Holiday Traveller

Returning to your country of origin to visit family and friends may seem like a ‘safe’ travel option. However, these ‘homecoming holidays’ often involve much higher health risks than other types of leisure travel – both for the traveller and the community they return to after their trip. That’s especially true when young children travel, as the community of Ashburton found to its cost in 2013.

Early that year, a young family visited relatives in Samoa. They had no vaccinations before leaving. The timing of their visit wasn’t ideal: they arrived soon after Cyclone Evan had damaged basic infrastructure, including local sewage treatment systems, compromising sanitation and hygiene.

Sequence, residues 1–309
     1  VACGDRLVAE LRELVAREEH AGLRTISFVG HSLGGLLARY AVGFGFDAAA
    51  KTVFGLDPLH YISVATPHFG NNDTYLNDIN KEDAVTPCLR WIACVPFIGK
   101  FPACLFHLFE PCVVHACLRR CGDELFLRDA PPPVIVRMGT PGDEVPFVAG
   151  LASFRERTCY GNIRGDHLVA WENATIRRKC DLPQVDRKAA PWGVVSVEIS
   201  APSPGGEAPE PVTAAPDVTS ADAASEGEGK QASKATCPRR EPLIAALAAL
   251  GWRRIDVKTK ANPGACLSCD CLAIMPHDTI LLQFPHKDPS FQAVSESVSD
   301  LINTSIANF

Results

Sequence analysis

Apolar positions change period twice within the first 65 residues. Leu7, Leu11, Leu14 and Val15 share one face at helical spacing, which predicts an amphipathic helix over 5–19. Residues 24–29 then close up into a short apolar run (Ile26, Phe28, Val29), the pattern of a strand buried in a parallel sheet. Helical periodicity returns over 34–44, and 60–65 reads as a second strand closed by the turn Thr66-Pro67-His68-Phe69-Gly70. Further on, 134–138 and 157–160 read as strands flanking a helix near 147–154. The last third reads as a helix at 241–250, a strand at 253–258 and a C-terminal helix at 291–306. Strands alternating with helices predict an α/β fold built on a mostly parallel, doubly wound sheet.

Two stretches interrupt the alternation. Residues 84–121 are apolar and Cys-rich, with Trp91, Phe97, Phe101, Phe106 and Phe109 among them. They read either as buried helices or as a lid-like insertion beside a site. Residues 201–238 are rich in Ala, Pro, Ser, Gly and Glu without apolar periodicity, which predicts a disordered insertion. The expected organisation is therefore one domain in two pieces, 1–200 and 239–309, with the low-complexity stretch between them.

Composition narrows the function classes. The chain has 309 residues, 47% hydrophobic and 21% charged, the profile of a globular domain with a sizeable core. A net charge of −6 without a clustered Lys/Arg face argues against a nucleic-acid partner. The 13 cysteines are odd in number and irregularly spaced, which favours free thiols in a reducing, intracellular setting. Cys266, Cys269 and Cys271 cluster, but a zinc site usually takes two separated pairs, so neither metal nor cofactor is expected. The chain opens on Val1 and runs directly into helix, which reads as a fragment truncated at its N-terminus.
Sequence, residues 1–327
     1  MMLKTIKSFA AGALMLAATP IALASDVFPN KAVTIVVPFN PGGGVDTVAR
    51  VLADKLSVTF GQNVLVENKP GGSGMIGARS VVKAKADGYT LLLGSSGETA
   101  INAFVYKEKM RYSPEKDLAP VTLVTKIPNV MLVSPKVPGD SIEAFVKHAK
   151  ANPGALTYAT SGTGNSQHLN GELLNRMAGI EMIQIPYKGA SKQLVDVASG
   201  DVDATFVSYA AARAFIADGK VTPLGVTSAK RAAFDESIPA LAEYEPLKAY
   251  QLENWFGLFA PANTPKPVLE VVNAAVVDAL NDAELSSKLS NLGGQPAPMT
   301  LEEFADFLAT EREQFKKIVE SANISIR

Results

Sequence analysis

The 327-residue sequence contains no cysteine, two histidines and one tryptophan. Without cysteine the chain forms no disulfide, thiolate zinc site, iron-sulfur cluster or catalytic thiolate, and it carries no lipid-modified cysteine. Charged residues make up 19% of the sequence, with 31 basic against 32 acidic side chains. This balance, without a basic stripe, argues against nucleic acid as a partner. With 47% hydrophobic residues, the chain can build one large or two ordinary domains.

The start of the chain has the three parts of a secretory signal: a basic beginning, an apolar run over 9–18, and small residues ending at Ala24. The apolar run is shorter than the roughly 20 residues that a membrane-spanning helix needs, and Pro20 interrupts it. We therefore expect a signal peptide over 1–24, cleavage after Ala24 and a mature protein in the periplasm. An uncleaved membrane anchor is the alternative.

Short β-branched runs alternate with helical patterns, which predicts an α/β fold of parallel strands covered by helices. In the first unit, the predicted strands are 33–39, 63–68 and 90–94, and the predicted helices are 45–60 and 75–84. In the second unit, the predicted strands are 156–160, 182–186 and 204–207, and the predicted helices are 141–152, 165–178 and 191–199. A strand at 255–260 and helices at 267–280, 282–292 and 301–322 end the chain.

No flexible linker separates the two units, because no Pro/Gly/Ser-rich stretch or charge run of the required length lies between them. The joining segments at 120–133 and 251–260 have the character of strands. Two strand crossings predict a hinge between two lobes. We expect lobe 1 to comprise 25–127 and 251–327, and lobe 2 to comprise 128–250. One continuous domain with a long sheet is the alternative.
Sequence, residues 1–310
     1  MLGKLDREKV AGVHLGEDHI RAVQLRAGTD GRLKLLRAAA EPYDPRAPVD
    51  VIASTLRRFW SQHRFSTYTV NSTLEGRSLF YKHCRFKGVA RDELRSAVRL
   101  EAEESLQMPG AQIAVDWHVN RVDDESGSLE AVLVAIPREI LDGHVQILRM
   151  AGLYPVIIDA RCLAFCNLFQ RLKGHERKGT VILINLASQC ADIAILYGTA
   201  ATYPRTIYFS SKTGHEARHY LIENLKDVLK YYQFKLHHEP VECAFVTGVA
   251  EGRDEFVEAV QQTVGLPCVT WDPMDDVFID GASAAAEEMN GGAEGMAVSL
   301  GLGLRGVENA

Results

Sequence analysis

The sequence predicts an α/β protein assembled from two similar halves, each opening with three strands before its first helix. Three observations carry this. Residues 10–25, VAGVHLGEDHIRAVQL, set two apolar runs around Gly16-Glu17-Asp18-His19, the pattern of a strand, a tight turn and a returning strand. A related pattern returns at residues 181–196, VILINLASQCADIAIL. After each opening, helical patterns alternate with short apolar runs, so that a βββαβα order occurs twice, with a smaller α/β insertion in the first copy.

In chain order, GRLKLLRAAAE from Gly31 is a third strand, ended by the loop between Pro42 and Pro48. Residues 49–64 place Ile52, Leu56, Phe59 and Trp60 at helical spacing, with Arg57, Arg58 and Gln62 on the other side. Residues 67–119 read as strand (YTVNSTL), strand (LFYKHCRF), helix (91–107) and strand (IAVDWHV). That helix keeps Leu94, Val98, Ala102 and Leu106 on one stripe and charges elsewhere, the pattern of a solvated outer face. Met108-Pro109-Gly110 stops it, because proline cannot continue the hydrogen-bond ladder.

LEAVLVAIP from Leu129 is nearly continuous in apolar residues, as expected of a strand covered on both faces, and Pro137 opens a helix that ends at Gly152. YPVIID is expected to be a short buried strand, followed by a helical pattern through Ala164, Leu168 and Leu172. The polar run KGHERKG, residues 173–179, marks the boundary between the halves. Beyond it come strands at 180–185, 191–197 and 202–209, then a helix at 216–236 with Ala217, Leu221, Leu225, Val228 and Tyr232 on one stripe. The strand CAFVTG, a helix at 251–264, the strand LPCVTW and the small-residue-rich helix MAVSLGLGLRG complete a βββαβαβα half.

On their return home to Ashburton, in New Zealand’s Canterbury district, the parents probably weren’t even aware that their toddler had been infected with the viral liver disease, Hepatitis A. Very young children often show no signs of infection, but can pass on the highly contagious virus to those around them for up to 2 months.
Unlike infants, hepatitis A virus (HAV) in older children and adults can cause potentially severe illness that may linger for weeks – even months. It has an average death rate of 2 in 100 adults over 50 years of age.
It soon became clear that the child and other toddlers it had infected were spreading the disease beyond local day care facilities.
In the weeks following, 28 people in the Ashburton community were diagnosed with the disease. Five needed hospital treatment, one required intensive care.

Virus crossed the Tasman to Sydney